You mean CHOW, not Chowhound. Chowhound is the discussion site. CHOW is the columns, blogs and other "experts".

            2. The Man Vs Food guy ate two.

              1. Had the "Meaty Marinara" and was pretty "meh" about it. Think marginally better Stouffers. (I am, however, tempted to go back for their new Mac 'n' Cheese 'n' Bacon...)

                1. I know nothing about this but I knew the chef at one of those restaurants where they replaced the regular coffee with Folgers. The commercial was shot at about 1:30AM and there were multiple takes, not simple interviews. F-a-k-e.

                  1. Three pounds sounds like a lot. I bought the Tuscani pair (Meaty Marinara & Bacon Mac & Cheese) tonight to feed four adults (two couples). We finished the meal (which came w/breadsticks) and guys wanted more. While it's not chowish, it certainly fits the bill for a quick meal when the occasion calls. I thought the meaty marinara was pretty good; I can't compare it frozen meals/Stouffers, b/c we don't do frozen pre-cooked meals (we go out, cook fresh or take-out). The bacon mac & cheese, while good, was a bit salty. The pasta themselves were nice and al dente; not soggy at all. I actually thought they meals were pretty good...esp at $15 to feed four. All that was lacking was a nice chopped salad; I may likely do this again on a night I'm too tired to cook or feel like carbo-loading.

                    1. No Pizza Huts near where you live? Where do you live? Must be Nirvana!

                      1. This pasta cracks me up. It's so obvious that it's pre-cooked and warmed up to order. I cant wait till they package the exact same thing in a consumer grade box with pretty shiny colors and sell it in the freezer aisle at Wal-Mart-lol.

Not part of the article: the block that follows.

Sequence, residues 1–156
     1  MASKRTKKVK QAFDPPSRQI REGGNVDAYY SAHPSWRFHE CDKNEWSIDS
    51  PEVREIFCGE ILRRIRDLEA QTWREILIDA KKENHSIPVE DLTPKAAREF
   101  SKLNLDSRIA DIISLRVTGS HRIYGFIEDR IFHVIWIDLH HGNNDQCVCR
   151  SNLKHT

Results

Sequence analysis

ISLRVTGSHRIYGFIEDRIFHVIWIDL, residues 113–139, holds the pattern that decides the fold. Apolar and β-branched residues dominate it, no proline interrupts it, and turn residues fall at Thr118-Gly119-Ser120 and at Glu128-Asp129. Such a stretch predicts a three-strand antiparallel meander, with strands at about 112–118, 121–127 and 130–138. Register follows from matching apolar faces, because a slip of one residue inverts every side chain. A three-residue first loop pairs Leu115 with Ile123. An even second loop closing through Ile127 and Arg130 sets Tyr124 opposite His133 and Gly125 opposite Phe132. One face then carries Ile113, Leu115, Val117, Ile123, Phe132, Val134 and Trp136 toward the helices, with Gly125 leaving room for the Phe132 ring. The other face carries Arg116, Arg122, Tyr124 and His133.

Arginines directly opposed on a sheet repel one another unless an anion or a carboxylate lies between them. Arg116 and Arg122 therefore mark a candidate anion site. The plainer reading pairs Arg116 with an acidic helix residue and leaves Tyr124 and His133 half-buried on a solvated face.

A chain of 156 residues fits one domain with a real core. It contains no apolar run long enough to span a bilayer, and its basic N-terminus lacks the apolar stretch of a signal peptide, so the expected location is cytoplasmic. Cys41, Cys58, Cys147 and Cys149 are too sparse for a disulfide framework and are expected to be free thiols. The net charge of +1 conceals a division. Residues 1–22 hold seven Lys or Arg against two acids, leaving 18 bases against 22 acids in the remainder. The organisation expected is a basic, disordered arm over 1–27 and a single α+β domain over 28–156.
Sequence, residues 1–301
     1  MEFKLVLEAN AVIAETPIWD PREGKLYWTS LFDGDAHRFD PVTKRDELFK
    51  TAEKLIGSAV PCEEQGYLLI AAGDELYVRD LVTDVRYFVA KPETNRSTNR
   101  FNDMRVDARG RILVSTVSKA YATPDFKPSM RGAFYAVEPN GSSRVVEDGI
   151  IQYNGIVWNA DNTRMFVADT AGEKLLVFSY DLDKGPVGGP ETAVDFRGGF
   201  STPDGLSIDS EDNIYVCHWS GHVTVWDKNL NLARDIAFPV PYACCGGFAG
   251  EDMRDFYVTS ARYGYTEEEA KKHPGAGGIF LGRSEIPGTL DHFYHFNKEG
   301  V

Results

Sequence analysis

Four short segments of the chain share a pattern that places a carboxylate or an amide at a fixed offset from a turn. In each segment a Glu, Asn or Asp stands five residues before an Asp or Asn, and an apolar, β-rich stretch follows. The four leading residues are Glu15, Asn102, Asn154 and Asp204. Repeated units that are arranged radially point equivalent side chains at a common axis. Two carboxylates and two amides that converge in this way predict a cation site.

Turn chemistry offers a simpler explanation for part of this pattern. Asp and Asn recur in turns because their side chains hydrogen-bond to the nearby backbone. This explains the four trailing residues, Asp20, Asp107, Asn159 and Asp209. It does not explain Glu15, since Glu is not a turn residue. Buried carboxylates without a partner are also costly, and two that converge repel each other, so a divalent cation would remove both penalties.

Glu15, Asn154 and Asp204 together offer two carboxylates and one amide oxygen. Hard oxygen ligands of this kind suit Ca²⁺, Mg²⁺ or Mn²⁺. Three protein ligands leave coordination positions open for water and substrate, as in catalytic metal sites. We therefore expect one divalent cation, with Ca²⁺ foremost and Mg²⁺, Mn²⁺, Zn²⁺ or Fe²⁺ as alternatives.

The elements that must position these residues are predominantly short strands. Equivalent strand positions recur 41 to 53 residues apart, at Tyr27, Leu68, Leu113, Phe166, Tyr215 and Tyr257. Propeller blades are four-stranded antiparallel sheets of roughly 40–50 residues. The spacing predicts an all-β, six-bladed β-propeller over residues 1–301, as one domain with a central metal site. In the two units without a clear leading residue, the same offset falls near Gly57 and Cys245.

1. my problem with the pasta was that it was overcooked. it was damn near soggy. The sauce was acceptable and I wouldn't complain about it if it was served on a good al dente pasta. Hearing other people say that it was al dente makes me wonder if there is just some continuity/consistency issues with preparation

                          1. I get a kick out of those commercials. particularly the part where they don't realize they are in their own kitchen. No , "gee, this feels familiar".

                            If their sauce is anything like their pizza sauce, i'd pass.

                            1 Reply
                            1. re: im_nomad

                              Don't think there's any such word in English or Italian as "Tuscani". Anyway- a quick PH story- I posted something similar in a thread about Coupons. Friend goes into a local Pizza Hut to get something to go and sees some coupons on the counter. Asks the person behind the counter if he could have one and use it. She says he could have one but not use it, since it's for a "next time" order, or for a phone-in order. He says "So if I walk out the door and call you on my cell phone I can use the coupon?" She cheerfully says "Sure!"
                              It's like another one of those Jack Nicholson diner moments in "Five Easy Pieces".